Sanders and Clinton each assigned one person to deliver expert testimony. Sanders’s expert was Matt Duss, who was then president of the Foundation for Middle East Peace and would go on to become Sanders’s foreign-policy adviser. Clinton’s expert, Robert Wexler, a former seven-term congressman from Florida who is Jewish, was introduced as “an outspoken advocate for the unbreakable bond between the United States and Israel.” Wexler spoke in favor of a two-state solution and argued against including the words “occupation” and “settlements” in the party platform. He also spoke against the Boycott, Divestment and Sanctions (B.D.S.) movement, which seeks to exert economic, moral and political pressure on Israel to end its occupation of Palestinian territories, grant equal rights to Palestinian citizens of Israel and recognize the right of Palestinian refugees to return. “While some proponents of the Boycott, Divestment and Sanctions movement may hope that pressuring Israel will lead to peace, the truth is outside forces will not resolve the Israeli-Palestinian conflict,” Wexler said. “Particularly when anti-Semitism is rising throughout the world, Democrats must condemn efforts to isolate and delegitimize Israel.”

The Sanders appointees had a different view. James Zogby took issue with Wexler’s opposition to mentioning the words “occupation” and “settlements.” In his opening testimony, Wexler called for a negotiated two-state solution in which Israel’s capital would be Jerusalem, long a flash point in the Israeli-Palestinian conflict, making no mention of Palestinian claims to the city, whose eastern and predominantly Palestinian half — including the Old City and the major Muslim, Christian and Jewish holy sites within it — has been occupied by Israel since 1967. Noting Wexler’s assertion that the platform shouldn’t include positions on which there still needed to be “delicate” negotiations, Zogby asked pointedly: “Should we leave Jerusalem out of the platform? I think that would fit your notion appropriately.”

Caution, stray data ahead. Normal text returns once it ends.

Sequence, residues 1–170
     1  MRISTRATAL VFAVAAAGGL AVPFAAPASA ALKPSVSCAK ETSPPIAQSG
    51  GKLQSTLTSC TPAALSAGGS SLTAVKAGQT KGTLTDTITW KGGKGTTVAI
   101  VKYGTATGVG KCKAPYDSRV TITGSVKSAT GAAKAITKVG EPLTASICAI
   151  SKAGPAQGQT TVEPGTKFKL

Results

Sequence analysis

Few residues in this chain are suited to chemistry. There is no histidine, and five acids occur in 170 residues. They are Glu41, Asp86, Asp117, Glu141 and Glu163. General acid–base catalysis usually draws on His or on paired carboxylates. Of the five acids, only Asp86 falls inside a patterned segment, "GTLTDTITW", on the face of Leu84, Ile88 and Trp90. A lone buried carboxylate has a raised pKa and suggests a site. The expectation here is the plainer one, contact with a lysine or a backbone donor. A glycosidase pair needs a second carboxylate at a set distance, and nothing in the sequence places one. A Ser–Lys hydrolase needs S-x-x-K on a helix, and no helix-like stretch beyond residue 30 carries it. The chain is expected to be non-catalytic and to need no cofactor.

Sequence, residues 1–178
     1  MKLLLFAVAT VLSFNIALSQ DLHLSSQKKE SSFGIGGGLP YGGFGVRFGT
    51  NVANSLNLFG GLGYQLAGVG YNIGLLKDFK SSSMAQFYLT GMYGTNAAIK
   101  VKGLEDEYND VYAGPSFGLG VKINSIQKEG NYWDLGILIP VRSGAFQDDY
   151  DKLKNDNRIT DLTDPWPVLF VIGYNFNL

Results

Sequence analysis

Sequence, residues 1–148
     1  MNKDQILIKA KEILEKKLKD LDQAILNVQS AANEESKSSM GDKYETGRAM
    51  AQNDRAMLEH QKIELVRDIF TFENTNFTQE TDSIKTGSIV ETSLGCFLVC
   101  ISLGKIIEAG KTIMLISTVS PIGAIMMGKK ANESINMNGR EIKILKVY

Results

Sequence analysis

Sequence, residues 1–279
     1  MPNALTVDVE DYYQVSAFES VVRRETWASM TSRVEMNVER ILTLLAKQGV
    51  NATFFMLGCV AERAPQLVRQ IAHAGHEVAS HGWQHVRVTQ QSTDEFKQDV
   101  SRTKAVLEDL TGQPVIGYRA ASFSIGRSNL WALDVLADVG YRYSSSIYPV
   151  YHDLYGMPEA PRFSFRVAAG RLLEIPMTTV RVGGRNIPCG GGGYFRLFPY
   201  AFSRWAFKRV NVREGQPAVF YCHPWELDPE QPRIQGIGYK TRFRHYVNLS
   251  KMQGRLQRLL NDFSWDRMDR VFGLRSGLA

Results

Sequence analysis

A mock Israeli checkpoint demonstration at U.C. Berkeley’s Sather Gate in 2016 organized by Students for Justice in Palestine. (Tracy Lam/The Daily Californian)

Wexler appealed to the longstanding U.S.-Israeli relationship: “Whether one agrees with Prime Minister Netanyahu or not, one point he always makes is that Israel is our one ally that never, ever has asked and I can’t imagine would ever ask for an American to do their fighting for them. Israelis fight for themselves.” At this, an audience member called out, “With our money!”